Eventually this Jyothirlingam disappeared in the earth rendering the place spiritually vibrant for ever. Thretha Yugam was over. Then, in Dwapara Yugam, King Muchukundan, after receiving the second Jyothirlingam from Goddess Parvathi as instructed, was also in search for a spot where no death had taken place naturally he also came to the same spot where Maandhatha had installed the first Shivalingam. He installed his Shivalingam at the same spot. This Shivalingam was also eventually dissolved into the earth again reinforcing the spot spiritually. Then came king Shathasoman, the one who received the third Shivalingam. He was also naturally attracted to the same spot and installed his Shivalingam there. While installing, this Lingam also began sinking into the earth. King Shathasoman thereupon prayed for Sage Agasthya’s help. The sage appeared and after lighting a ghee lamp prostrated before the Shivalingam twelve times; when he began the thirteenth prostration, the Lingam got firmly fixed on the earth — therefore the number of prostrations the Sage Agasthya performed for his purpose came to be known as twelve and a half. Thus with the installation of the third Shivalingam the sacred spot became spiritually vibrant threefold.
Hearing this story from sage Narada, devotion welled up in the heart of sage Parashurama, and he decided to renovate the temple for the welfare of mankind. As desired by the sage, the celestial architect Ari Vishwakarma performed the renovation work. During the final stage of the renovation, sage Agasthya appeared on the scene and, after making abhishekam (ablution) on the idol, lighted a ghee lamp. This lamp has shone continuously ever since, with a regular supply of ghee. Offering of ghee in gold, silver and copper pitchers with intense devotion, is an important offering for the lord.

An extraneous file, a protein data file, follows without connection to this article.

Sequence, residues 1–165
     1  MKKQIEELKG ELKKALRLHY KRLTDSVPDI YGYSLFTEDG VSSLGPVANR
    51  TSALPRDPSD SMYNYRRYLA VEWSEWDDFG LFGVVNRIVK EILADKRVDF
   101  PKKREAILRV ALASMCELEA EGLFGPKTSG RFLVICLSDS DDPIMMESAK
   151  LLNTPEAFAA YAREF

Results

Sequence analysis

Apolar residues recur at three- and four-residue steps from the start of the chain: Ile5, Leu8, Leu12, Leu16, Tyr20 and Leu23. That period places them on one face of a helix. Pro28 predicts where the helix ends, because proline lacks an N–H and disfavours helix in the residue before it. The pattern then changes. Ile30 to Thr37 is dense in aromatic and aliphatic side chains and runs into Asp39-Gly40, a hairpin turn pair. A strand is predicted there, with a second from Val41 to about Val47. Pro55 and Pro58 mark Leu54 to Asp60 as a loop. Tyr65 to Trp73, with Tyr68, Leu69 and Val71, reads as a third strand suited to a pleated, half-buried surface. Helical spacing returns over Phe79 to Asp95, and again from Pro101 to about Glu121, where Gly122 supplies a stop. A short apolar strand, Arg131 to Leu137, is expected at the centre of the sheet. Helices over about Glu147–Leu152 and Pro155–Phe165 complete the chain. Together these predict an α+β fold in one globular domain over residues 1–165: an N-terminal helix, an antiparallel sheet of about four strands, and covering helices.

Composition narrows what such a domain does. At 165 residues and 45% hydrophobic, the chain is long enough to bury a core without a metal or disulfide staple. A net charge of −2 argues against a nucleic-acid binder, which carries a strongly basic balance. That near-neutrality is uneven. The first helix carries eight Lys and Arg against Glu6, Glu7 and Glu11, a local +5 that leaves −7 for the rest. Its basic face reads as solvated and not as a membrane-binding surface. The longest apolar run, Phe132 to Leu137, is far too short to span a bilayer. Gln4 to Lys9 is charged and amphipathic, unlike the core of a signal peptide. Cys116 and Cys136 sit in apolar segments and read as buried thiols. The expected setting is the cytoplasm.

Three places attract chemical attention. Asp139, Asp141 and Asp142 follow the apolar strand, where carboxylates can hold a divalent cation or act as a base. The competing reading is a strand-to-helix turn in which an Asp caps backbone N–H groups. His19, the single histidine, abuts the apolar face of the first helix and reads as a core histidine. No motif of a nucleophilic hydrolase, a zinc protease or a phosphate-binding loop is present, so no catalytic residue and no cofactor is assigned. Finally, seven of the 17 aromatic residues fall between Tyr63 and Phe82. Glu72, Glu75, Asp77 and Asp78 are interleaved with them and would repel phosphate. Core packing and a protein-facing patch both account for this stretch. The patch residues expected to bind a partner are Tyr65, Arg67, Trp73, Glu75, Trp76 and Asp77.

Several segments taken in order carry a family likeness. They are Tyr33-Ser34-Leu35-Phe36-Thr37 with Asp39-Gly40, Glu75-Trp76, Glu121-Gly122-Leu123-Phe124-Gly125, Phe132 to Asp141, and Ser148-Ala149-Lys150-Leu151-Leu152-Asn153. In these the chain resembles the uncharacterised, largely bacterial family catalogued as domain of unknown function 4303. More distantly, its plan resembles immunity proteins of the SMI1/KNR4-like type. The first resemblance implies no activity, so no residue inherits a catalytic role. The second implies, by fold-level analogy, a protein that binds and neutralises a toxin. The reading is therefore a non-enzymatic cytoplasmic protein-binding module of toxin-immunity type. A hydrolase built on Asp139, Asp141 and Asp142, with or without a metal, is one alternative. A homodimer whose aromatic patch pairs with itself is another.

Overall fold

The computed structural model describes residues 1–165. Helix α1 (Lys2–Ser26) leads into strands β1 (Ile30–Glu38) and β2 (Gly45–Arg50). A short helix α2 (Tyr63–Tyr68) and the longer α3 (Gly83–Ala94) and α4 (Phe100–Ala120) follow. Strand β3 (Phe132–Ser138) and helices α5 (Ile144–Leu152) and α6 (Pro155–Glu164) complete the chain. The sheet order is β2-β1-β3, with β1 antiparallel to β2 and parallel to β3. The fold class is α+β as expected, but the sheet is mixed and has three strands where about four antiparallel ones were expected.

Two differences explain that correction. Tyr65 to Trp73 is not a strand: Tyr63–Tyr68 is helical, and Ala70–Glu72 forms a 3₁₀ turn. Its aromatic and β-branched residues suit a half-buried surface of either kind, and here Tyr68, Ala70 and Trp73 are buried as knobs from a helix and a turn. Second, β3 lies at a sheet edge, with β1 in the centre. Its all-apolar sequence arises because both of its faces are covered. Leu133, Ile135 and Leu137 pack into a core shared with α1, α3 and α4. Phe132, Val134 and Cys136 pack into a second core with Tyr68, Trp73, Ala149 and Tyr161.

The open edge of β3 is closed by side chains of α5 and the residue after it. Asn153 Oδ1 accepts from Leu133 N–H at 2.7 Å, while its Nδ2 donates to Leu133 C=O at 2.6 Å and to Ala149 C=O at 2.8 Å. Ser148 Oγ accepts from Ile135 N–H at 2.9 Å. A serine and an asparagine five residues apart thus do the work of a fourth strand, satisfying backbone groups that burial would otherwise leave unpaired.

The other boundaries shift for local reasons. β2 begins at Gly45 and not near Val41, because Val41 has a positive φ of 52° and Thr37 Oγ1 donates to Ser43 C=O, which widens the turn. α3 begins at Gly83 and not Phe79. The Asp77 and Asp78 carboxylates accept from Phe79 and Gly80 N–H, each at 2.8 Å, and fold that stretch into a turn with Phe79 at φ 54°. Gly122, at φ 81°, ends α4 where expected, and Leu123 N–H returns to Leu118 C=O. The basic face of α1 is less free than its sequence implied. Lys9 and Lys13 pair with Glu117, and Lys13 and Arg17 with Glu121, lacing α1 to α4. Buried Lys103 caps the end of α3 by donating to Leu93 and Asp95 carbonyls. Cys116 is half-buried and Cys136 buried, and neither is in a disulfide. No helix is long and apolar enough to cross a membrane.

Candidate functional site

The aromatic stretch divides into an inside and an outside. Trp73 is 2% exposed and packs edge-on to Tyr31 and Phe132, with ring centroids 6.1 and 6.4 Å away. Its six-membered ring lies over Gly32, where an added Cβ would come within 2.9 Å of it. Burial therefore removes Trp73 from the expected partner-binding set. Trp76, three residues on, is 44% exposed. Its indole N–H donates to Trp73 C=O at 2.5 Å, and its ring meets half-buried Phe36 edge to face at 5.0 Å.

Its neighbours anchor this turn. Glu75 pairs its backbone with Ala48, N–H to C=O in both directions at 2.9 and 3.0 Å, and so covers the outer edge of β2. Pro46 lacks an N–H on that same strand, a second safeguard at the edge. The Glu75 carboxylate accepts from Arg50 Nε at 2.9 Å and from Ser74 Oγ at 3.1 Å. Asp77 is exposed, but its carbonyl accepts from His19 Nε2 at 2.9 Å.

Temple legends are highly symbolic representations of the subtle spiritual principles and highlight the nature and intensity of the spiritual presence at a particular place. They instill devotion and convey their deeper message to the spiritual seeker. The above-mentioned legend highlights the fact that at this unique centre of spiritual power discovered and maintained by the great sages of yore, one can receive profound Divine grace for material progress and spiritual un-foldment.